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State Flowers of the United States

Last updated almost 2 years ago

Welcome to the State Flowers of the United States Collection! In this collection you can do the following: 1. Browse the State Flowers of the United States; and, 2. Make and share observations on the web or though the iNaturalist iPhone app.

  • 71125_88_88 Plantae > Rosaceae

    Malus domestica

    Apple

    Michigan - In 1897, the Apple Blossom (Pyrus coronaria) was designated the state flower. Sponsors noted it was “one of the most fragrant and beautiful flowered species of apple.” It is native to the state. (Source:http://www.michigan.gov/documents/mhc_mhm_statesymbols2002_47909_7.pdf)

  • 82707_88_88 Plantae > Berberidaceae

    Berberis aquifolium

    Oregon Grape

    Oregon - In 1899, Oregon Grape (Mahonia aquifolium, Berberis aquifolium, ) was declared the Oregon state flower by the Legislature. The plant, with its holly like foliage and yellow flowers can be found mainly on the Pacific Coast. (Source: http://www.leg.state.nv.us/General/NVFacts/)

  • 77631_88_88 Plantae > Theaceae

    Camellia japonica

    Snow Camellia

    Alabama - A bill introduced in the 1927 legislature by Representative T. E. Martin, Montgomery County, making the goldenrod the state flower, became a law on September 6, 1927. House Bill 24, approved August 26, 1959, amended Section 8, Title 55, of the Code of 1940, to read: "The camellia is hereby designated and named as the state flower of Alabama." (Acts 1959, No. 124.) In June 1999, the Legislature designated that the camellia, Camellia japonica L., is the official state flower of Alabama.

    References:
    http://www.archives.alabama.gov/emblems/st_flowe.html

    Sort value: Alabama

  • 25231_88_88 Plantae > Boraginaceae

    Myosotis asiatica

    Asian Forget-me-not

    Alaska - The forget-me-not, which grows well throughout Alaska, is Alaska's state flower. The blue background of the state flag serves to represent both the sky and the forget-me-not.

    References:
    http://www.dced.state.ak.us/ded/dev/student_info/student.htm

    Sort value: Alaska

  • 67125_88_88 Plantae > Cactaceae

    Carnegia gigantea

    Saguaro

    Arizona - The state flower is the white blossom of the saguaro, the largest cactus in the United States. The saguaro blossom was officially made the state flower of Arizona in 1931. The blossoms appear on the tips of the long arms of the cactus during May and June.

    References:
    http://www.azsos.gov/public_services/kids/kids_state_symbols_flower.htm

    Sort value: Arizona

  • 39515_88_88

    Image of an unknown taxon

    Image of Malus domestica

    Arkansas - The apple blossom was adopted as the Arkansas State Flower by the General Assembly of 1901. Apple blossoms have pink and white petals and green leaves. At one time Arkansas was a major apple producing state. The town of Lincoln in Washington County hosts the annual Arkansas Apple Festival.

    References:
    http://www.soskids.arkansas.gov/5-8-history-state-symbols.html

    Sort value: Arkansas

  • 77085_88_88 Plantae > Papaveraceae

    Eschscholzia californica

    California Poppy

    California - California Indians cherished the poppy as both a source of food and for oil extracted from the plant. Its botanical name, Eschsholtzia californica, was given by Adelbert Von Chamisso, a naturalist and member of the Prussian Academy of Sciences, who dropped anchor in San Francisco in 1816 in a bay surrounded by hills of the golden flowers. Also sometimes known as the flame flower, la amapola, and copa de oro (cup of gold), the poppy grows wild throughout California. It became the state flower in 1903. Every year April 6 is California Poppy Day, and Governor Wilson proclaimed May 13-18, 1996, Poppy Week.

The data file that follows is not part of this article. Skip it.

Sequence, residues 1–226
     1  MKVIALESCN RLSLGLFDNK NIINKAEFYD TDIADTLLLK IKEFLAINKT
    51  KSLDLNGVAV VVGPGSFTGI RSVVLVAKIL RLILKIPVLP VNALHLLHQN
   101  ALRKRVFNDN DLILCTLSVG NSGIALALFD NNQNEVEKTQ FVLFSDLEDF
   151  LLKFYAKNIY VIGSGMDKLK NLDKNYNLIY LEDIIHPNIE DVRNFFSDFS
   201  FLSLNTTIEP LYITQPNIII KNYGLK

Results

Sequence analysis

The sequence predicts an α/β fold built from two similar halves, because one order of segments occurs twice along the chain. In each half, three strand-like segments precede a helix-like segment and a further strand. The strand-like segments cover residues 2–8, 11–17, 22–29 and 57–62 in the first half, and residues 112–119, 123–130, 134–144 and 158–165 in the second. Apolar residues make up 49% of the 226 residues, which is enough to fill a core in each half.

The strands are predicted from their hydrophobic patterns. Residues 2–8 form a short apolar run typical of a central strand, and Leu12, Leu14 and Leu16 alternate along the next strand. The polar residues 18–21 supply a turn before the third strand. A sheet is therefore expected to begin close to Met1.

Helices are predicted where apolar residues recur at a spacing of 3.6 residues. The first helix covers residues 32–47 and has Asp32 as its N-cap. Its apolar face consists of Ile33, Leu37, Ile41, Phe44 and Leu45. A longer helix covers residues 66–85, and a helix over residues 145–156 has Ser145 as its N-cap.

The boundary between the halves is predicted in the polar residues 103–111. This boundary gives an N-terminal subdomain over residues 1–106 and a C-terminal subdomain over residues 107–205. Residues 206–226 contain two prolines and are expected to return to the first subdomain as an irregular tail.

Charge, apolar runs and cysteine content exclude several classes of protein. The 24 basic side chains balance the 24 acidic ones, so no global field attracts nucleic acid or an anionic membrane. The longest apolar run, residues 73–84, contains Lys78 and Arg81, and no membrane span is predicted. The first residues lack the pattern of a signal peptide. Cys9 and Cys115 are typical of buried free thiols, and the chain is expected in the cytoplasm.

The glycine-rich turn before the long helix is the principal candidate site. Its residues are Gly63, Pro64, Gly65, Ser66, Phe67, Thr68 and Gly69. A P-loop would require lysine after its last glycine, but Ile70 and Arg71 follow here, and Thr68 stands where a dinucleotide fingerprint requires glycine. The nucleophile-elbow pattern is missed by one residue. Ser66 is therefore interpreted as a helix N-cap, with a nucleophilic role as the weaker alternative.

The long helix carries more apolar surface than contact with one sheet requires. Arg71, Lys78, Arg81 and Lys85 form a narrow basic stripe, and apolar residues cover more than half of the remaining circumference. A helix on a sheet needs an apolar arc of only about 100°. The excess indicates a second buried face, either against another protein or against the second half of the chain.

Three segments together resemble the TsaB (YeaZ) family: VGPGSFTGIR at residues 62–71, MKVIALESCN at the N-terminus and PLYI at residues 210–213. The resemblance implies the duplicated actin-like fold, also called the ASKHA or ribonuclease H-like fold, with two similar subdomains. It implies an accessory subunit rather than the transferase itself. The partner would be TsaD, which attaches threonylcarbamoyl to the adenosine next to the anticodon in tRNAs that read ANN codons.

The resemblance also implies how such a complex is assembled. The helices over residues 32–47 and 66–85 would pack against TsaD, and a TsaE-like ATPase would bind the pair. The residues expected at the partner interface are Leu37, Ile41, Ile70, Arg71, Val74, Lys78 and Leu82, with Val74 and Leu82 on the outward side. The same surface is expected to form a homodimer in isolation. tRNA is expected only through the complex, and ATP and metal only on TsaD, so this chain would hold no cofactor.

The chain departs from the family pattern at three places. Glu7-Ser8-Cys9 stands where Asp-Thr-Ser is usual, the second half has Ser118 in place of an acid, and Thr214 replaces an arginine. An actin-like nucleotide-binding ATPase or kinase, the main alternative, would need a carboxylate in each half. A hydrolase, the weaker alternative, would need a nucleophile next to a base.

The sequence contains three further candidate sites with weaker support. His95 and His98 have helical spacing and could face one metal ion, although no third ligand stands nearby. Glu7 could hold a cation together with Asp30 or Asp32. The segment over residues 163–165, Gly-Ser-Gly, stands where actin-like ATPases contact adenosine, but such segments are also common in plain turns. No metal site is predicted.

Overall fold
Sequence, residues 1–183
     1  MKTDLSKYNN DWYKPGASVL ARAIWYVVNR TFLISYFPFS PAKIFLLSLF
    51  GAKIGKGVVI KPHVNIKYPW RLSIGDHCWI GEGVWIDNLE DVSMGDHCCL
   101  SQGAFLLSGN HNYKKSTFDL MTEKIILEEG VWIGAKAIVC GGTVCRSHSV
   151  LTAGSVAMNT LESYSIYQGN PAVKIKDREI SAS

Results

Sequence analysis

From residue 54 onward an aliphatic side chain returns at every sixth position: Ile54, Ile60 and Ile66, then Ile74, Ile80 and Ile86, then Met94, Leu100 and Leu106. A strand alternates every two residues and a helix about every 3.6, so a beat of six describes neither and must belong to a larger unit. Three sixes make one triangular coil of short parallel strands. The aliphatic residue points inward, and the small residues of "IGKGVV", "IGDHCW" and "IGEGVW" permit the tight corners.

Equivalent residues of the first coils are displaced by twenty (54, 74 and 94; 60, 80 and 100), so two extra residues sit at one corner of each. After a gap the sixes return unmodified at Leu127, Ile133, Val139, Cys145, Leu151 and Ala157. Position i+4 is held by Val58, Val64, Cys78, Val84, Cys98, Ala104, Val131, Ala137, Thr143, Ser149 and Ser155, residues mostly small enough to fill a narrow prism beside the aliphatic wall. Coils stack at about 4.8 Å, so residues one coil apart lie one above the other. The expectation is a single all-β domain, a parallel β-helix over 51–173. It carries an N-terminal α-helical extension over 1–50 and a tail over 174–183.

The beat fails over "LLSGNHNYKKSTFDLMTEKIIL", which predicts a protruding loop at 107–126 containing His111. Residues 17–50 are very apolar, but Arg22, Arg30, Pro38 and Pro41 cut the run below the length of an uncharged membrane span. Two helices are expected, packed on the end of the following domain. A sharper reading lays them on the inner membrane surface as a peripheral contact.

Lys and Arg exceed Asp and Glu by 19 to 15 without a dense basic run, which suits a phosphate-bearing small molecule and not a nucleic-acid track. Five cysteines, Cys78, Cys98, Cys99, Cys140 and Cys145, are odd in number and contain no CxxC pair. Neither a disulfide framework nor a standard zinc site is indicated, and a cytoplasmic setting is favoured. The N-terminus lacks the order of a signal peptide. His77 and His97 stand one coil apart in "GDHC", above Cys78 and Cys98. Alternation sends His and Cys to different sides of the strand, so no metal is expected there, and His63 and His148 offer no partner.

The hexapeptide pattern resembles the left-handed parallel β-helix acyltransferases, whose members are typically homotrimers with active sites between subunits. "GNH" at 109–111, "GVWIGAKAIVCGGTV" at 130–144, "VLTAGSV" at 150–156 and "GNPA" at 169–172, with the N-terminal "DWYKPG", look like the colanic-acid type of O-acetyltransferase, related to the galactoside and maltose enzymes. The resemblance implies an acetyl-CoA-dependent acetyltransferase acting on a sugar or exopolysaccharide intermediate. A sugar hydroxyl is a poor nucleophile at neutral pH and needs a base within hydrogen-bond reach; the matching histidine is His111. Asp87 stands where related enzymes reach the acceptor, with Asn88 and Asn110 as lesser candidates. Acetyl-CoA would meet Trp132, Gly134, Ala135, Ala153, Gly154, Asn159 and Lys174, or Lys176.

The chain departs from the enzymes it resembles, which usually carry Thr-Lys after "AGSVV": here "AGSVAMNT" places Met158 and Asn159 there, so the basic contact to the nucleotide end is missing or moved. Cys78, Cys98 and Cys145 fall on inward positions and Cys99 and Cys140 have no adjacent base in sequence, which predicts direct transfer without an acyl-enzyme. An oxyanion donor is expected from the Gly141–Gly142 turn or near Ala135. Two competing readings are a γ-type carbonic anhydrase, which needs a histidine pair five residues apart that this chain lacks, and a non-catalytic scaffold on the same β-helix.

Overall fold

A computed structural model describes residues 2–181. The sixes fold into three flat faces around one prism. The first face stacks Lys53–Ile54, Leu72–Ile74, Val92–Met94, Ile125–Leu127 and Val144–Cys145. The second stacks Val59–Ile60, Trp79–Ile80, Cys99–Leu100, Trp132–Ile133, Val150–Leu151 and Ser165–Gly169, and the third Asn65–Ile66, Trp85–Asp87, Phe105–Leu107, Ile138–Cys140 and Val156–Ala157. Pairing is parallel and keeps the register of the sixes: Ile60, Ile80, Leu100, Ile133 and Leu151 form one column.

References:
    http://www.library.ca.gov/history/symbols.html

    Sort value: California

  • 46286_88_88 Plantae > Ranunculaceae

    Aquilegia coerulea

    Colorado Columbine

    Colorado - The white and lavender Columbine, Aquilegia caerules, was adopted as the official state flower on April 4, 1899. In 1925, the General Assembly made it the duty of all citizens to protect this rare species from needless destruction or waste. To further protect this fragile flower, the law prohibits digging or uprooting the flower on public lands and limits the gathering of buds, blossoms and stems to 25 in one day. It is unlawful to pick the columbine on private land without consent of the land owner.

    References:
    http://www.colorado.gov/dpa/doit/archives/history/symbemb.htm

    Sort value: Colorado

  • 19664_88_88

    Kalmia latifolia (Ericaceae) - inflorescence - whole - unspec...

    Image of Kalmia latifolia

    Connecticut - Designated as the State Flower 1907, the Mountain Laurel is perhaps the most beautiful of native American shrubs. Its fragrance and the massed richness of its white and pink blossoms so vividly contrast with the darker colors of the forests and the fields that they have continually attracted the attention of travelers since the earliest days of our colonization. First mentioned in John Smith's "General History," in 1624 specimens were sent to Linnaeus, the famous botanist, by the Swedish explorer Peter Kalm in 1750. Linnaeus gave it the name of Kalmia latifolia, honoring the name his correspondent and at the same time describing the "wide-leafed" characteristic of the plant. In addition to being called the "Mountain Laurel," the plant has also been spoken of as "Calico Bush" and "Spoonwood."